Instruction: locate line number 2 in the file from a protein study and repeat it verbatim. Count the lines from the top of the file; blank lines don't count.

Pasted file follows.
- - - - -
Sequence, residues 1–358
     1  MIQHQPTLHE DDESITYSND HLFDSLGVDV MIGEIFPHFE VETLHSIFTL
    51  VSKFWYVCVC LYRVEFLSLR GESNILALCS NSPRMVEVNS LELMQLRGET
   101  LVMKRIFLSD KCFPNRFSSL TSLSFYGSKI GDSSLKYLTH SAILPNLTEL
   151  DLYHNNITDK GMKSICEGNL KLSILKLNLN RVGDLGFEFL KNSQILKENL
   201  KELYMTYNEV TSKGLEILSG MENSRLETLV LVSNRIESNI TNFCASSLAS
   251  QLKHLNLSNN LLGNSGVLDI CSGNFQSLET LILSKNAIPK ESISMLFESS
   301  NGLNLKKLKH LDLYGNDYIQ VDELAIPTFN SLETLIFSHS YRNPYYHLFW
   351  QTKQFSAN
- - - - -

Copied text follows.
     1  MIQHQPTLHE DDESITYSND HLFDSLGVDV MIGEIFPHFE VETLHSIFTL